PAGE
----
Thursday, January 25, 2007
The New Moonie Times
Jack Welch -- the hardcore conservative Republican who was one of those who early on heeded William Simon's call for rich cons to take over the US media -- has his sights set on destroying for good the once-proud Boston Globe:
Jack Welch gave a glimpse yesterday of what life might be like at The Boston Globe under his ownership. During a segment titled “Why Jack Wants The Globe” on the CNBC show “Squawk Box,” the former General Electric Co. chairman said local newspapers should get out of Iraq and focus on news closer to home. “You’ve got to make the newsroom not control the world,” Welch told the cable show’s host Carl Quintanilla and Michael Wolff, a media critic for Vanity Fair magazine. “I’m not sure local papers need to cover Iraq, need to cover global events,” Welch said. “They can be real local papers. And franchise, purchase from people very willing to sell to you their wire services that will give you coverage.” Welch’s vision for the editorial focus for local newspapers would be a departure for the Globe, which has staffers reporting from Iraq and Washington, D.C., and dedicates much of its opinions section to national and global issues.Jack Welch is the guy who was CEO of General Electric from 1981 to 2001. He acquired NBC for GE in 1985 as part of the RCA deal, and in 1993 had hired former Republican National Committee chair Roger Ailes to rework NBC's news division, particularly its CNBC channel, to be more to the GOP's liking. (Ailes was then hired in 1996 by another right-wing media mogul, Rupert Murdoch, to create and run FOX News. Funny how that works.) Welch took great pride in corrupting former liberals like Chris Matthews and Tim Russert, seducing them with cold hard cash and then boasting about it:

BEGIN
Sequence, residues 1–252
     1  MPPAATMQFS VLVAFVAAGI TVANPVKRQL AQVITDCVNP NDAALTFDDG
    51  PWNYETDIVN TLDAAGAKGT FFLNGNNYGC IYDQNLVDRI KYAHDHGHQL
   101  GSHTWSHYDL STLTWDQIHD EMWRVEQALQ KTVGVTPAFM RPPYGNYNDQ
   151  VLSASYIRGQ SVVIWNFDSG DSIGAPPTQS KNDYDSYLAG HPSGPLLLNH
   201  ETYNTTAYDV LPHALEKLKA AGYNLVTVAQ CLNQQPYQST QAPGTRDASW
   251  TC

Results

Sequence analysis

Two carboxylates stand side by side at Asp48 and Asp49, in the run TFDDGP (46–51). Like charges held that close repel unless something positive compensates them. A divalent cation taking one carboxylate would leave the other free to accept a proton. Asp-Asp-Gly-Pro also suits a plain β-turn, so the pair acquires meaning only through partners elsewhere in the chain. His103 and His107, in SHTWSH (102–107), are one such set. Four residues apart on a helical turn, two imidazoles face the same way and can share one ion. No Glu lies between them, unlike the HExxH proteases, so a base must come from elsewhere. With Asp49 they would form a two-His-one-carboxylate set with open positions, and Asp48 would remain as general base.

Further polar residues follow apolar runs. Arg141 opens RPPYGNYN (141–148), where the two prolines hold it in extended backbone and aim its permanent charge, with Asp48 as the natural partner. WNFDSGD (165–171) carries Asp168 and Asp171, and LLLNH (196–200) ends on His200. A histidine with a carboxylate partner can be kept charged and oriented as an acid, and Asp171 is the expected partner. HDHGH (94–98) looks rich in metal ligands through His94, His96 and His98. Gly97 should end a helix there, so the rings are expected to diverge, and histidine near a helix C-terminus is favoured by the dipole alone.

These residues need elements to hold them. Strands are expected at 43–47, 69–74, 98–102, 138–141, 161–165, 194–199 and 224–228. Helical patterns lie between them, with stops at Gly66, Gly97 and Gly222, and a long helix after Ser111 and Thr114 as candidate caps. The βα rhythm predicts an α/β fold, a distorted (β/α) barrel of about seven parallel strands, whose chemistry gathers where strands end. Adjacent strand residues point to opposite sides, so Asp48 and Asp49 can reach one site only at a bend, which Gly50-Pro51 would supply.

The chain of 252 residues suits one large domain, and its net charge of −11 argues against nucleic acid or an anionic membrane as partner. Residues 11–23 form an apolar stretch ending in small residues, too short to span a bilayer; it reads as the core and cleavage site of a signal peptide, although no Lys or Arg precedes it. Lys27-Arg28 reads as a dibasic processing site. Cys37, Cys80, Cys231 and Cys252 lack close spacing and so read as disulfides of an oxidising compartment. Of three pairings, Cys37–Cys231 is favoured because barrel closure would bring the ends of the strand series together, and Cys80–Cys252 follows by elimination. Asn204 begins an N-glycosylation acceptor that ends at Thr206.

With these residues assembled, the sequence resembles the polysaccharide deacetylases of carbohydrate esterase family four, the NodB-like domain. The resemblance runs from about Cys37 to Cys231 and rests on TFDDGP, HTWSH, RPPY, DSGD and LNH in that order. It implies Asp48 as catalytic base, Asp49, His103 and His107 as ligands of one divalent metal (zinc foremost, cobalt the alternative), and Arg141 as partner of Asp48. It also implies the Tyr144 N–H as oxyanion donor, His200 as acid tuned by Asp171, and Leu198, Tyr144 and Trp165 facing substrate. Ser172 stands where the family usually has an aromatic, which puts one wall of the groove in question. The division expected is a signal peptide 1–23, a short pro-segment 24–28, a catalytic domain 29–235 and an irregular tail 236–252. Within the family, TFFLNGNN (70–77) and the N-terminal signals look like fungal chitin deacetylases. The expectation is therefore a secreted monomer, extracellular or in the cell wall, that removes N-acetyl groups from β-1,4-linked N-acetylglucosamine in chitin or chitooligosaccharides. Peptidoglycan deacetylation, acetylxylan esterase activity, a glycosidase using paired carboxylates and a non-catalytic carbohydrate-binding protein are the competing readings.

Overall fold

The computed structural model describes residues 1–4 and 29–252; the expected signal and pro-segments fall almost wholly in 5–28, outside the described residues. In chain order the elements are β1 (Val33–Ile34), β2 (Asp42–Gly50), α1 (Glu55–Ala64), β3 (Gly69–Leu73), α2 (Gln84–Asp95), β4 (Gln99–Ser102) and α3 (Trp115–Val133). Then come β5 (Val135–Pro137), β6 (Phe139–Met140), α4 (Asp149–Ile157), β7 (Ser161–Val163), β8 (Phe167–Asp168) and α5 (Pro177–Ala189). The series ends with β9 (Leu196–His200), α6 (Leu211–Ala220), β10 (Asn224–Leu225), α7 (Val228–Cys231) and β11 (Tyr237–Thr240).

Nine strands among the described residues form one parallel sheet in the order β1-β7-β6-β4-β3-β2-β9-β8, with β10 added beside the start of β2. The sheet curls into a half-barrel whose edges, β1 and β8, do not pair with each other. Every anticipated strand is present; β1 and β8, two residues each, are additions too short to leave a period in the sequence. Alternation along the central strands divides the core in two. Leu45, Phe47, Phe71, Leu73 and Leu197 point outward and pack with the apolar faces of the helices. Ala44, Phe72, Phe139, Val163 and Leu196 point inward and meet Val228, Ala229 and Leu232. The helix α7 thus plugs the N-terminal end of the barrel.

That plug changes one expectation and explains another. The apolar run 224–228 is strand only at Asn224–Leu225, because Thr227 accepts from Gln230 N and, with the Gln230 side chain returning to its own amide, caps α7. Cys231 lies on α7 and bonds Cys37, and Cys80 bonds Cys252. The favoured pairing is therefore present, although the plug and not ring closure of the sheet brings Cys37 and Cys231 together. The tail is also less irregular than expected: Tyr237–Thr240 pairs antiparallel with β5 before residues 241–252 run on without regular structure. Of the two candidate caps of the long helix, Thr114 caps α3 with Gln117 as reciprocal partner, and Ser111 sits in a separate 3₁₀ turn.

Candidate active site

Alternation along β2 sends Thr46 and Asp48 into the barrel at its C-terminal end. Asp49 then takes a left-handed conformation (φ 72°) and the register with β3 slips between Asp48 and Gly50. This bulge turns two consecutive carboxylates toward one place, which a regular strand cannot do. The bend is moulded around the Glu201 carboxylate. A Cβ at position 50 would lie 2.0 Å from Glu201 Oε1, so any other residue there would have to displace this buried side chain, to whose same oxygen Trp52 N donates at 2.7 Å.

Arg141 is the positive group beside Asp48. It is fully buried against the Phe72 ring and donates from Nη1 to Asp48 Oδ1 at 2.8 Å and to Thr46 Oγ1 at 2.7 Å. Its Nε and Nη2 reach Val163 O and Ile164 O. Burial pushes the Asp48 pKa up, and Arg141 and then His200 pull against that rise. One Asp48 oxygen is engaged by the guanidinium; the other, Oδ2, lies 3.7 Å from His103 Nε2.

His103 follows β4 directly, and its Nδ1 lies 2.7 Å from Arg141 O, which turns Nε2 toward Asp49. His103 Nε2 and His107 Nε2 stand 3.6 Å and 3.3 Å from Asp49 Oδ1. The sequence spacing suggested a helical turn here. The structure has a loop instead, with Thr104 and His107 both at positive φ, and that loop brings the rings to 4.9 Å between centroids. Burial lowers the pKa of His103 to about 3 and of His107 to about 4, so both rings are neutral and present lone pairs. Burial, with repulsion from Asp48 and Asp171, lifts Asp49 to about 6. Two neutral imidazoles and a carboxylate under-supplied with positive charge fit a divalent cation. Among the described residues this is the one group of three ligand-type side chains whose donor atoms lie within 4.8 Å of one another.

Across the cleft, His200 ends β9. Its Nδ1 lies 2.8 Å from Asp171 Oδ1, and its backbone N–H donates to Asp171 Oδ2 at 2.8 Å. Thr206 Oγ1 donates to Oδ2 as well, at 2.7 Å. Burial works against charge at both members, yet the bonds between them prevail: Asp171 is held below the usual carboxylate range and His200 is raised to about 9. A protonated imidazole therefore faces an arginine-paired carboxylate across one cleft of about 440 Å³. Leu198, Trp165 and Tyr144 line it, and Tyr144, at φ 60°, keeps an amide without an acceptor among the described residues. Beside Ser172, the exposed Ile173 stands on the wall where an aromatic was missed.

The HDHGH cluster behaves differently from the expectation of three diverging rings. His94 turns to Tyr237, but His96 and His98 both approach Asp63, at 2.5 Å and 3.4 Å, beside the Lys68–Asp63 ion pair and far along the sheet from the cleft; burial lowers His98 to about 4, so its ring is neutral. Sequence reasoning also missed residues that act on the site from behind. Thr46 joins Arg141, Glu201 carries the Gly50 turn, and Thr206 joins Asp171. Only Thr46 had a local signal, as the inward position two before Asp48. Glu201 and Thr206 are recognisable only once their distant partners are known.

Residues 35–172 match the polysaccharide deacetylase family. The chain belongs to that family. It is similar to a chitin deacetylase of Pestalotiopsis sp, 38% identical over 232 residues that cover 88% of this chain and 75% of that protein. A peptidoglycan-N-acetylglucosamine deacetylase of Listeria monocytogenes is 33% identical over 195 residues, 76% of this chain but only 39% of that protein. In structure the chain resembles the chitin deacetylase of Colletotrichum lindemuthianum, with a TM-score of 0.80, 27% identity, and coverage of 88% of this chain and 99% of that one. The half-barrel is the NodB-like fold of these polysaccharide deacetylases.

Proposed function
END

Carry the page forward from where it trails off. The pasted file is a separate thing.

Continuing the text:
In private, Welch was proud to have personally cultivated Tim Russert from a “lefty” to a responsible representative of GE interests. Welch sincerely believed that all liberals were phonies. He took great pleasure in “buying their leftist souls”, watching in satisfaction as former Democrats like Russert and MSNBC’s Chris Matthews eagerly discarded the baggage of their former progressive beliefs in exchange for cold hard GE cash. Russert was now an especially obedient and model employee in whom the company could take pride.He also was rooting for George W. Bush in 1999:
Shortly after George W. Bush declared his candidacy for president in June of 1999, General Electric Chairman and Chief Executive Officer Jack Welch was contacted by Bush political advisor Karl Rove. Welch later informed associates that Rove told him a Bush administration would initiate comprehensive deregulation of the broadcast industry. Rove guaranteed that deregulation would be implemented in a way that would create phenomenal profits for conglomerates with significant media holdings, like GE. Rove forcefully argued that General Electric and the other media giants had a compelling financial interest to see Bush become president.Welch's interest in NBC's newsroom and in a Bush victory also showed in his activities during the 2000 election, as the Chicago Tribune's Phil Rosenthal noted last October and Robert Parry noted in January of 2003. It's obvious what Welch intends to do to the Globe. And not nice.
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